On 10 January, Mori arrived from Palermo to ‘liberate’ Gangi with great pomp and fanfare. Bands played, banners waved, speeches were made from the town hall balcony, and Mussolini sent his congratulations and a promise for continued action: “Fascism has cured Italy of many of its wounds. It will cauterise the sore of crime in Sicily – with a red hot iron if need be!” Iron Prefect Mori’s final tally at Gangi was the arrest of 130 Mafia fugitives and 300 of their accomplices. He was just getting started.
The same tactics were put into effect four months later in the region encompassing Bisacquino, Corleone and Contessa Entellina, sending his anti-Mafia police/Blackshirt thug force on a roundup that scored 150 more arrests including the high-profile mafioso Don Vito Cascio Ferro. Don Vito was sentenced to life in prison for an old murder charge in 1930, and died incarcerated in 1942.
As well as the roundups and the violence, Mori orchestrated show trials and public rallies at which people were cowed into declaring their support for the Fascists. In 1926 there was a ceremony where the attendance of 1,200 Palermo estate owners was ‘requested’, at which they were required to swear oaths of allegiance as a Catholic mass was performed and Fascist hymns were played. A year later the scene was repeated among the citrus groves of the Conca d’Oro, but the indiscriminate arrests also continued. By 1929, 5,000 people had been collared in Palermo and 11,000 in Sicily as a whole. Many who were stamped on by Mori’s boot were innocent, but it mattered little to him. Mori made it clear that helping or defending the Mafia amounted, in the law’s eyes, to being a mafioso.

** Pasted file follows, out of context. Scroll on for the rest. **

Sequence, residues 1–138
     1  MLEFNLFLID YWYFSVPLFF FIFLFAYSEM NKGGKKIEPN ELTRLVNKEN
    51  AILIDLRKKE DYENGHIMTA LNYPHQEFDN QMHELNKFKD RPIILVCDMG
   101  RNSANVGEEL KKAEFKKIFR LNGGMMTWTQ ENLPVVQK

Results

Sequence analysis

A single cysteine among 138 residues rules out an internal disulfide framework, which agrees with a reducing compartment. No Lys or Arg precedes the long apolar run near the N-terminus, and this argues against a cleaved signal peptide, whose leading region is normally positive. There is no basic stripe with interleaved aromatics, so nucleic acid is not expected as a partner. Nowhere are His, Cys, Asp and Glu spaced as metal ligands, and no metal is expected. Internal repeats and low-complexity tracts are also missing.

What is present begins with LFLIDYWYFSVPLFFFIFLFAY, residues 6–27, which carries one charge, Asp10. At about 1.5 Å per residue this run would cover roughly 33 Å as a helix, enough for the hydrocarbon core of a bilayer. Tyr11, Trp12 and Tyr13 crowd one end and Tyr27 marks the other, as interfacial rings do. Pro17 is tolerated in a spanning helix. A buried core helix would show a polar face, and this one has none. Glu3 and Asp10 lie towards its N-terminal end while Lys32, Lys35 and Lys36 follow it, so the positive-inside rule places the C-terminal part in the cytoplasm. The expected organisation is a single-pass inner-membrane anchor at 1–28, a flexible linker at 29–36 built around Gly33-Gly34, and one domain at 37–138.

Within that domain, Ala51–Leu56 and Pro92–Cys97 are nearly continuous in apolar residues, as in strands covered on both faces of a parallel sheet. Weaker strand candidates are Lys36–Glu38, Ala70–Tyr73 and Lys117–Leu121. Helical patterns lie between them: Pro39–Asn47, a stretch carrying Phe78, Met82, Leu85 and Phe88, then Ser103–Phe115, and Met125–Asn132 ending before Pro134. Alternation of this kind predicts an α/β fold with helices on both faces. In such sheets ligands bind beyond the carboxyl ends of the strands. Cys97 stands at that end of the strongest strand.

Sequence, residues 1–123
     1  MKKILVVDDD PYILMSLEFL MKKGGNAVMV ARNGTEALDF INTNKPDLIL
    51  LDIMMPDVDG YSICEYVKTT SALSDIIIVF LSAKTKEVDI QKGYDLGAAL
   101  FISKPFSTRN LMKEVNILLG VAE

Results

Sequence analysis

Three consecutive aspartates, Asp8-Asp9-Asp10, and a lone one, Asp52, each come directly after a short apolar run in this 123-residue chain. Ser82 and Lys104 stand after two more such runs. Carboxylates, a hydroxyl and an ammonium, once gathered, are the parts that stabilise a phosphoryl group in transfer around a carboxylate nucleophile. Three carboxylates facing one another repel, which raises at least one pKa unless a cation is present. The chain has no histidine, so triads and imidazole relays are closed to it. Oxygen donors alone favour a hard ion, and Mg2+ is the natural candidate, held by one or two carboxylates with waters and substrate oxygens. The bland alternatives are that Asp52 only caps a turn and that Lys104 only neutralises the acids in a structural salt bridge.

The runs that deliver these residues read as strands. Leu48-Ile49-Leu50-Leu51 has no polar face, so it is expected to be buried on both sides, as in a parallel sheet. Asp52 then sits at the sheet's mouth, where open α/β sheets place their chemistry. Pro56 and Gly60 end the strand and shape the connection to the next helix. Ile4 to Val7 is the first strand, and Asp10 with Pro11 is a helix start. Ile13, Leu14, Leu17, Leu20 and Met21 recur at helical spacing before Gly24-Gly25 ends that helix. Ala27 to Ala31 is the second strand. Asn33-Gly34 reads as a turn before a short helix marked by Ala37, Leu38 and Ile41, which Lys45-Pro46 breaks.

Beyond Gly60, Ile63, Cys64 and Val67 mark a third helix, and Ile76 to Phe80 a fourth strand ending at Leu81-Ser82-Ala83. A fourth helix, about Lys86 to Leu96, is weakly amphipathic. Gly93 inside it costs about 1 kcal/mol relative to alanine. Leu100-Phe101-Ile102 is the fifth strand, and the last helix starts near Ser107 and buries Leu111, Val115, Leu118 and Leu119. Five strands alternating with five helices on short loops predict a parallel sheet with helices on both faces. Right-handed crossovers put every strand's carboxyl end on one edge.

One famous example of Mori’s uncompromising processes involved the theft of a donkey, which led to a paper trail of dodgy transactions connected to the lawyer and politician Antonino Ortoleva. The documents revealed little more than low-level political chicanery. Mori’s police force pegged Ortoleva as a significant Mafia Don though and imprisoned him with no opportunity for him to defend himself. Smear campaigns and kangaroo courts like this were rife. Trials almost always led to convictions, and Mussolini was particularly gratified when his Piana dei Greci enemy Don Francesco – “that unspeakable mayor” – was locked up.
Mori’s campaign of terror ended abruptly in 1929, as his support within the shifting allegiances of the Fascist party began to wane. The official line was that the Fascists had triumphed in Sicily and there was some justification for the claim. The murder rate had declined and most of the crime families had been broken up. “The Mafia hardly existed anymore”, said informant Antonino Calderone. “Mafiosi had a hard life. The music changed.”